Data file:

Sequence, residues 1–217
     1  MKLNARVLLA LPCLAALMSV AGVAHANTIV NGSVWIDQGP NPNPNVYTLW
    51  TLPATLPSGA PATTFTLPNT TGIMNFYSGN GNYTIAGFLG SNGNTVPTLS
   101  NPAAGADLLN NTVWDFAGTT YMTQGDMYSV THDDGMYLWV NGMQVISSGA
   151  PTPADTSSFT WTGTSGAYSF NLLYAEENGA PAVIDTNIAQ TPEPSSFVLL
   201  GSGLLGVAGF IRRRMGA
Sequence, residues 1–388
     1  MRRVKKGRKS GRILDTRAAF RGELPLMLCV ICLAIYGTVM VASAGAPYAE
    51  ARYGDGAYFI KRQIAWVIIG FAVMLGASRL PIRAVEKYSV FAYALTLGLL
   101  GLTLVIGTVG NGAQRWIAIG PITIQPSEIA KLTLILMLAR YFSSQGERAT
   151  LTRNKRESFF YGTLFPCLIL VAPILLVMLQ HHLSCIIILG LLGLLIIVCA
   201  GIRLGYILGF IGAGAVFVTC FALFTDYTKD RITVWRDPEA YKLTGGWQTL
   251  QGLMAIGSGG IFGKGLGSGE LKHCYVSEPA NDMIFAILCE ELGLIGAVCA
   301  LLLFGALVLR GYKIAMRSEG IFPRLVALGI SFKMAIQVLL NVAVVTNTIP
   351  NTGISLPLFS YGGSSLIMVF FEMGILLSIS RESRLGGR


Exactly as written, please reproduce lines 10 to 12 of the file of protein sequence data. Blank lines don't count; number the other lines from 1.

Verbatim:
   101  GLTLVIGTVG NGAQRWIAIG PITIQPSEIA KLTLILMLAR YFSSQGERAT
   151  LTRNKRESFF YGTLFPCLIL VAPILLVMLQ HHLSCIIILG LLGLLIIVCA
   201  GIRLGYILGF IGAGAVFVTC FALFTDYTKD RITVWRDPEA YKLTGGWQTL